CONTEMPT OF COURT James Nuechterlein (“Remembering Peter Berger,” October) feels that the 1996 First Things symposium on the judicial usurpation of politics was inappropriate because it cast doubts on the legitimacy of American political order. As it is, however, the problem is still with us. If . . . . Continue Reading »

Return of the Strong Gods

A young writer in Australia recently sent me an essay that ended with an arresting sentence: “I am twenty-seven years old and hope to live to see the end of the twentieth century.” I sympathize. We have reached a series of dead ends in the West. After the collapse of the Soviet Union, Americans . . . . Continue Reading »

​Getting Augustine Wrong

Injustices are done; imprudent, ill-considered policies are pursued. Brutal, cynical men posture as noble leaders. There’s a great deal about public life that arouses our passions. It is easy to become angry, bitter, fearful, and despairing. There’s another side as well. We can harbor great . . . . Continue Reading »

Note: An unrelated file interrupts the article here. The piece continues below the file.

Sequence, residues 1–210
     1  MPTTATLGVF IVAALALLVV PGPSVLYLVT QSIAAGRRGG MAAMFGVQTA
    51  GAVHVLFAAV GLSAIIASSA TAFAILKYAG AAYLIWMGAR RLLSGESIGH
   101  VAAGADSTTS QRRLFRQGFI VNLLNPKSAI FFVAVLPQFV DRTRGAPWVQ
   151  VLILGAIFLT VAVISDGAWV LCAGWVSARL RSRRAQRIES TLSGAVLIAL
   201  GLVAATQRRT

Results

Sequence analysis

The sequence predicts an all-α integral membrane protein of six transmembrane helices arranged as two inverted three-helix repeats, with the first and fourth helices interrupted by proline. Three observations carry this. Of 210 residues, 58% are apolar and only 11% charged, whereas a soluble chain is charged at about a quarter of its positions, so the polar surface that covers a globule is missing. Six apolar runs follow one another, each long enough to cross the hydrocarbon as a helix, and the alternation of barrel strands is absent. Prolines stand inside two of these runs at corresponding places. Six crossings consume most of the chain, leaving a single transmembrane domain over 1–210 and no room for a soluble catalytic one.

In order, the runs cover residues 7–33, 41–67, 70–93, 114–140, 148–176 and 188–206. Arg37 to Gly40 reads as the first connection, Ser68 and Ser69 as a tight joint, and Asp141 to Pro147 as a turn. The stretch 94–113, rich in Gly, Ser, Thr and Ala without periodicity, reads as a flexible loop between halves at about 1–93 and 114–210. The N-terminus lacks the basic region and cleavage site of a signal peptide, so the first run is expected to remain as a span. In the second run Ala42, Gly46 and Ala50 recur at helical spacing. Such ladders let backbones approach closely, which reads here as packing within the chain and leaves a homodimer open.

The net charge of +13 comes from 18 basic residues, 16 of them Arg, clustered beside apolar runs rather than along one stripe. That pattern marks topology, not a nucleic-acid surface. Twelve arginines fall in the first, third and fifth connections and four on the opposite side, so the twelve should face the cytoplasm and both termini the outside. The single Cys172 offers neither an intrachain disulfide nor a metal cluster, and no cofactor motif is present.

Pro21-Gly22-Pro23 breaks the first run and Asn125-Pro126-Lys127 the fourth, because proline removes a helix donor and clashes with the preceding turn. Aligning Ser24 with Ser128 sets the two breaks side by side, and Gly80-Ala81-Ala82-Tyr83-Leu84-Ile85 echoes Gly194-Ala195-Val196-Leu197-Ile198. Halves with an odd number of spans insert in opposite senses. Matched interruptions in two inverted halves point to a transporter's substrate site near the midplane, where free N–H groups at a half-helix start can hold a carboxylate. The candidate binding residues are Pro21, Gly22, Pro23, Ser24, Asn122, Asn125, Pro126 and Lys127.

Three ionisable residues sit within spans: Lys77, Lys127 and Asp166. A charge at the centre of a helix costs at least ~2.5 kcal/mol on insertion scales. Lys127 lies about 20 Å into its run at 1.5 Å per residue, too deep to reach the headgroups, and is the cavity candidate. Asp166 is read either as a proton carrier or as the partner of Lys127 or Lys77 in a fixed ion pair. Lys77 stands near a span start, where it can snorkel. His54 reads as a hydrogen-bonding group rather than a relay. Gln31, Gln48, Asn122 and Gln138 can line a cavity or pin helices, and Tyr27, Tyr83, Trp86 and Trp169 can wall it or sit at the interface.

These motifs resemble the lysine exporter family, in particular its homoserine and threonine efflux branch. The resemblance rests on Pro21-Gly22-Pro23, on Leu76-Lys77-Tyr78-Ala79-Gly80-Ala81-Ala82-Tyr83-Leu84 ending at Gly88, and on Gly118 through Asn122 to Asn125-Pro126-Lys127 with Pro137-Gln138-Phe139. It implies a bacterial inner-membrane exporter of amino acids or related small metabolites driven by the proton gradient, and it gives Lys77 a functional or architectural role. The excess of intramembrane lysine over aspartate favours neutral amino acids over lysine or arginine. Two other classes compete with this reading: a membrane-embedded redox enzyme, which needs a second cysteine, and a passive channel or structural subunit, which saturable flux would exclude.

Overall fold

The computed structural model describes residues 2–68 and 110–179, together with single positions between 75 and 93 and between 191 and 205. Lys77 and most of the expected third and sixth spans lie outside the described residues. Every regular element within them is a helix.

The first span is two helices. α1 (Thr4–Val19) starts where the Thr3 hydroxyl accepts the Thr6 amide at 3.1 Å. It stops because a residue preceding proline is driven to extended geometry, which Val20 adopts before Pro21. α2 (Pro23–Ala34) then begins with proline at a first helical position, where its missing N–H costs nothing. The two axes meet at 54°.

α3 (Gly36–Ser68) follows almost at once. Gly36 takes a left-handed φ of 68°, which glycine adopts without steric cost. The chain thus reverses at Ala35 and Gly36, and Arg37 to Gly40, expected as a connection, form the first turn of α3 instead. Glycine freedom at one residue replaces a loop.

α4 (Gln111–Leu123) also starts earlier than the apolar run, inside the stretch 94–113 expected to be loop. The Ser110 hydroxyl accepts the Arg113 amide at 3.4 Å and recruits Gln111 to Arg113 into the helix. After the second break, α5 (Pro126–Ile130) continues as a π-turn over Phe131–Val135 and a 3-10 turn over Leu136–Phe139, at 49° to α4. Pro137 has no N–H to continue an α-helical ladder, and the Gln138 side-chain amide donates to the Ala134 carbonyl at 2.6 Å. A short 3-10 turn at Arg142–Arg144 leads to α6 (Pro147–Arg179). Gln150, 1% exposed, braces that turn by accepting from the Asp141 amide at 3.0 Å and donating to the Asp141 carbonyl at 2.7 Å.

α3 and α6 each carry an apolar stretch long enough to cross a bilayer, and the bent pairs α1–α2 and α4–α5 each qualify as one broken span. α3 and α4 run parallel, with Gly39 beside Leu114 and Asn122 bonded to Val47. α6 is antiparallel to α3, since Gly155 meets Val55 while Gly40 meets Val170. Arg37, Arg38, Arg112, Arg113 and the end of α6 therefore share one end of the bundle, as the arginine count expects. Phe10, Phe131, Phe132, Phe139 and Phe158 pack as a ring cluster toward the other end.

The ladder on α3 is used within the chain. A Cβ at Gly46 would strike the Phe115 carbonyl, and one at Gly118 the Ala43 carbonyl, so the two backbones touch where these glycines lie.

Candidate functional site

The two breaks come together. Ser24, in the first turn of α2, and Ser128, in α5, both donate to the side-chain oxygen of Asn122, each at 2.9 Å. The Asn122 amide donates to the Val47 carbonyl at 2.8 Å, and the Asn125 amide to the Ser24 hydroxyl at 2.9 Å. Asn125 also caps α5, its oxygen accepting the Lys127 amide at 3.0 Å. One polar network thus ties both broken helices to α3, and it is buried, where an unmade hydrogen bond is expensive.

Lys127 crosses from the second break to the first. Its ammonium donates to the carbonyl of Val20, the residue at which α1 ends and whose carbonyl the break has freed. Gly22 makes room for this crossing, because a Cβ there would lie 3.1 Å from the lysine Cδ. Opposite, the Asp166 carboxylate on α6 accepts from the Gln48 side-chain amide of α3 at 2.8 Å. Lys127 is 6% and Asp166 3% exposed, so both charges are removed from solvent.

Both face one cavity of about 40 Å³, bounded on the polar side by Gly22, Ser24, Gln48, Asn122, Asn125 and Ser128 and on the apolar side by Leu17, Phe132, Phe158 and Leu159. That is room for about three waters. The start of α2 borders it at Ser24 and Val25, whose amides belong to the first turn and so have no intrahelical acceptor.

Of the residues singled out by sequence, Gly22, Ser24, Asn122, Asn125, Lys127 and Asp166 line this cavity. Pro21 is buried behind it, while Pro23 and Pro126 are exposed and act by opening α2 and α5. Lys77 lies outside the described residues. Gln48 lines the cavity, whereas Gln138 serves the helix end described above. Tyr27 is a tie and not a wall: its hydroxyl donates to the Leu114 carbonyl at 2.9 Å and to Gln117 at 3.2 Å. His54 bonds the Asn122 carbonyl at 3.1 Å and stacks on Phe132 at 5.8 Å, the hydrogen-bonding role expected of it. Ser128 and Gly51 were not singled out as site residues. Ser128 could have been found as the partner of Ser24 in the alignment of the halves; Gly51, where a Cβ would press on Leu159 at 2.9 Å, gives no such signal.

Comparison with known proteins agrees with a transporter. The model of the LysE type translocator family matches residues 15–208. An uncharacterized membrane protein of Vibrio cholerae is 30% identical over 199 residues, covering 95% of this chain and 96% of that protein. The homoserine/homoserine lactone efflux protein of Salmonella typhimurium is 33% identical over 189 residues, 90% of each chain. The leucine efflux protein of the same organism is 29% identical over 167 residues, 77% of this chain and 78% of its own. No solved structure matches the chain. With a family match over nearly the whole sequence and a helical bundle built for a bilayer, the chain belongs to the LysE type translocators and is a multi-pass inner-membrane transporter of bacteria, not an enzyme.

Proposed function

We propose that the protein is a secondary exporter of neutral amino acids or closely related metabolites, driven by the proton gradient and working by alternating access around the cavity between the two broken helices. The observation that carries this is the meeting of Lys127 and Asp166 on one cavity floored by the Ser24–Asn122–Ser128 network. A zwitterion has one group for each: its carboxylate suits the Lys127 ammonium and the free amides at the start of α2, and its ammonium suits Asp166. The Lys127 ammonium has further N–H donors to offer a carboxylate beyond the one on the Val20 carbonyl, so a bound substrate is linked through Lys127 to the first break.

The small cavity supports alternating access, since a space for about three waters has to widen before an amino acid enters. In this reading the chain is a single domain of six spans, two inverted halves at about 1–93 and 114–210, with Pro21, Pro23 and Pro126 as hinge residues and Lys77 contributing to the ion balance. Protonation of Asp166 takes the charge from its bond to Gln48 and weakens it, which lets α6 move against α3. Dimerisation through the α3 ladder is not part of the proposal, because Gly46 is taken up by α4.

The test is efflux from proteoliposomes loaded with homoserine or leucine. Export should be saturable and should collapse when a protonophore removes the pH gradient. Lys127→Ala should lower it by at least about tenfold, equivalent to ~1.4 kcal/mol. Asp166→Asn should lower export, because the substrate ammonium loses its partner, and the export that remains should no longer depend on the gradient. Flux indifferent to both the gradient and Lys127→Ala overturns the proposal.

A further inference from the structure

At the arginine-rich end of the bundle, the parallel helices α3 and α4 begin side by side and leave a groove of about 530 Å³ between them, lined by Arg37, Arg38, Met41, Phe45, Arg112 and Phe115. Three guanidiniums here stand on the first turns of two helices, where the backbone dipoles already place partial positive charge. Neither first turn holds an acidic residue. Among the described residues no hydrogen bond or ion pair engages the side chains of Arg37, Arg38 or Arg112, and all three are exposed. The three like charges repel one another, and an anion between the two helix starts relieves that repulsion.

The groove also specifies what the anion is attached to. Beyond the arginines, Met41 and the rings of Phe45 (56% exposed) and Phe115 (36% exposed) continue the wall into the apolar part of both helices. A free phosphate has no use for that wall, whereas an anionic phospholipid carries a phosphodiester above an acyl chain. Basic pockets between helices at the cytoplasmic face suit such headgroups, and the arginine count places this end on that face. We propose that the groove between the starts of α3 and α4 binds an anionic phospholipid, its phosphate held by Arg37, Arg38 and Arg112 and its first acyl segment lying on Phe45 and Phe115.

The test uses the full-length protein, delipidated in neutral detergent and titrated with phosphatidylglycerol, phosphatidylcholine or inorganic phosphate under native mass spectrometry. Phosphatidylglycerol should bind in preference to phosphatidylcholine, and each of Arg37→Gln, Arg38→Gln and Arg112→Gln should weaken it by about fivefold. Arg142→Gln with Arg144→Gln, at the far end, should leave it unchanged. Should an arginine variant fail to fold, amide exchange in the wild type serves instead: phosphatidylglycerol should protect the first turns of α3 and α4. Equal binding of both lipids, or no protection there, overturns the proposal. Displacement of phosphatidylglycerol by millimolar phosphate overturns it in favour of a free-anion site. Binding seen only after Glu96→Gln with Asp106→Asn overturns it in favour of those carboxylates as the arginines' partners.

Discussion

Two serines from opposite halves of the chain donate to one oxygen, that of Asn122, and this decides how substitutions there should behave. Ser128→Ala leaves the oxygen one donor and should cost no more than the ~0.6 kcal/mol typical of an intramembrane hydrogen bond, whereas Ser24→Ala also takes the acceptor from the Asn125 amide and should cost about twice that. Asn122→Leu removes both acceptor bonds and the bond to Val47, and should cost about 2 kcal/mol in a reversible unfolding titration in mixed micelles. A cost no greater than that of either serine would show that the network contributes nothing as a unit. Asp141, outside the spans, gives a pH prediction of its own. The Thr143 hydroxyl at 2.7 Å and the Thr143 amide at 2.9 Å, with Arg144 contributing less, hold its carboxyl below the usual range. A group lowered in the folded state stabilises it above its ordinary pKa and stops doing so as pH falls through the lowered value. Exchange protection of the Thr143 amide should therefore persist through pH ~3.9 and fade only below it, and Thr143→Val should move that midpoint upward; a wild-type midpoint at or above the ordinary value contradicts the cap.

A Dissolving Age

We live in a dissolving age. Institutions, social forms, and traditional authorities recede. To the extent that they endure, they do so under the sign of choice, often reconfigured as economic or therapeutic projects. Man the entrepreneur and consumer is ascendant—or man the wounded, the victim of . . . . Continue Reading »